Next month’s election might seem like a foregone conclusion. Labour has regained some ground in the polls in recent days but the Conservatives look likely to ride to a decisive victory. Early hopes of a Lib Dem resurgence among anti-Brexit voters look likely to be dashed, and UKIP’s chances of gaining even a single seat look slim.
Nonetheless now that the major parties have actually set out their plans for government it’s worth taking a look at what they’re offering. The outlook for business isn’t especially rosy. Under Jeremy Corbyn, Labour is more hostile to UK Plc than at any time in recent years – even if it is trying to present itself as a friend to small business.
And compared with her predecessor, Theresa May seems less keen to court the support of companies – she got rid of David Cameron’s business advisory panel and talks of boosting worker representation on boards and making it even harder to recruit skilled workers from abroad. Here’s a rundown of what the major parties are offering:
(For the benefit of our readers north of the border we’ll be updating this once the SNP’s manifesto is published)
Theresa May has spent most of the campaign repeating ‘strong and stable’ ad nauseum but today her party finally revealed its hand. The Tories are traditionally regarded by businesses as the most trusted party on the economy and in some respects their manifesto doesn’t disappoint. Its first pledge, ‘a strong economy built on sound public finances, low taxes, better regulation and free trade deals with markets around the world’ strikes a tone that many businesses will be happy to hear. But the devil is as always in the detail, and there are a fair few bits of small print that aren’t so promising.
The Tories propose:
Bringing corporation tax down to 17%, the lowest of any country in the developed world. An important carrot to keep multinationals in the UK post-Brexit.
Leaving the European single market (as expected). The manifesto says there should be ‘as few barriers to trade and investment as possible’ but there should be no doubt that leaving the single market will make doing business in Europe more complicated. On the other hand it will leave the UK free to strike its own deals with other countries.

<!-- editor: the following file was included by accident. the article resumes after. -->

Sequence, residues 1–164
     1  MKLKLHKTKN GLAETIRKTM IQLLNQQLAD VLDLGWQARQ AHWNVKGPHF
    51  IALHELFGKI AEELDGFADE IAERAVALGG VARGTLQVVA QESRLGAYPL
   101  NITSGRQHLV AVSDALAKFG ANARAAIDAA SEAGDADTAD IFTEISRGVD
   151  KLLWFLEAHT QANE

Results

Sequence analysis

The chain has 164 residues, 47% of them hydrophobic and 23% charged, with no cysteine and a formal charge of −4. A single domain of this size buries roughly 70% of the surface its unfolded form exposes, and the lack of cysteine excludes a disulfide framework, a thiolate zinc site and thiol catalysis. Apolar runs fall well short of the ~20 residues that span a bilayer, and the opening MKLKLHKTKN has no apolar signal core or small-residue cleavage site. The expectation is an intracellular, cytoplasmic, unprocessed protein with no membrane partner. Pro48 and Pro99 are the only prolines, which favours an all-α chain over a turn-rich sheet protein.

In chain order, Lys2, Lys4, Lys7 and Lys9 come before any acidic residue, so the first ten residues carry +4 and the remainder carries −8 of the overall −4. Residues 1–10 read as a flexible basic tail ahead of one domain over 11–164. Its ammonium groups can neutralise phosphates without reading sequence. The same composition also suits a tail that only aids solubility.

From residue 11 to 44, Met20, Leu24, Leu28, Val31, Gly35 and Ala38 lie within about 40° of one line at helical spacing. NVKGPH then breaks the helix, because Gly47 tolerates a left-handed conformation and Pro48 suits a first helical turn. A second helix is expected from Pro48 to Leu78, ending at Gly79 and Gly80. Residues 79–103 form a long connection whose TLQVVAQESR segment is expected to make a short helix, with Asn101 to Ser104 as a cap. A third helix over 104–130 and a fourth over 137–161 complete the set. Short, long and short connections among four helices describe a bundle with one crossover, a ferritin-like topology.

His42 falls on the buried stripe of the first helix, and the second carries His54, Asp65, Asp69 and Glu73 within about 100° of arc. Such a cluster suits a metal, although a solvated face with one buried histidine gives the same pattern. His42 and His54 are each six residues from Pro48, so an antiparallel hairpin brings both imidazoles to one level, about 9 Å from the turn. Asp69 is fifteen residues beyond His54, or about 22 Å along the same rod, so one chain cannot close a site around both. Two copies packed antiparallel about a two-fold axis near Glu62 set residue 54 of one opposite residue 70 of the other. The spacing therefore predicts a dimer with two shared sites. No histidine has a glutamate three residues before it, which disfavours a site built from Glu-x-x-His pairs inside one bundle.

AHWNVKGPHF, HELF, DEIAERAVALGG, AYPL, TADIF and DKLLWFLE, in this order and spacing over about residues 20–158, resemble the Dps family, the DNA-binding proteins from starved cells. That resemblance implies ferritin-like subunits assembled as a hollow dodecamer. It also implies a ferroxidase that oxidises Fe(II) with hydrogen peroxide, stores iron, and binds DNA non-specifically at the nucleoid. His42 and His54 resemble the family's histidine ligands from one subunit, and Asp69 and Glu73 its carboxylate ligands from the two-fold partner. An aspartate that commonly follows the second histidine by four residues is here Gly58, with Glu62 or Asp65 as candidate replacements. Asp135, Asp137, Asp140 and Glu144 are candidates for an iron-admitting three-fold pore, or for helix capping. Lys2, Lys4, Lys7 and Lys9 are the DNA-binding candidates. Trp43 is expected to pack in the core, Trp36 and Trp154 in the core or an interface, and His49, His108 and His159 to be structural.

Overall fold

Corporate governance changes. May wants workers represented on listed company boards, but this could be as feeble as boards having to nominate an existing NED to be a workers’ rep. Executive pay will be subject to an annual vote by shareholders and companies will have to publish CEO-average worker pay ratios.
Making it harder to hire migrants. The Conservatives remain committed to bringing net migration down to the tens of thousands per year. To do so they will need to further restrict skilled migration. To that end they will double the ‘skills charge’ companies have to pay to £2,000 per non-EU migrant worker, per year, as well as increasing the earnings threshold for those wishing to bring a spouse to the UK. How the system will work for EU migrants post-Brexit remains to be seen.
‘Fairer’ markets. We’ve heard a lot about the proposed cap on some energy tariffs but the Tories want to go further with proposals to increase regulation of property firms, mobile phone networks, car clampers, train companies, comparison sites and online subscription services.
Action on the gig economy. This is motivated by its tax implications as much as anything else. Details remain sparse and are likely to become clearer following Matthew Taylor’s employment review, which reports later this year.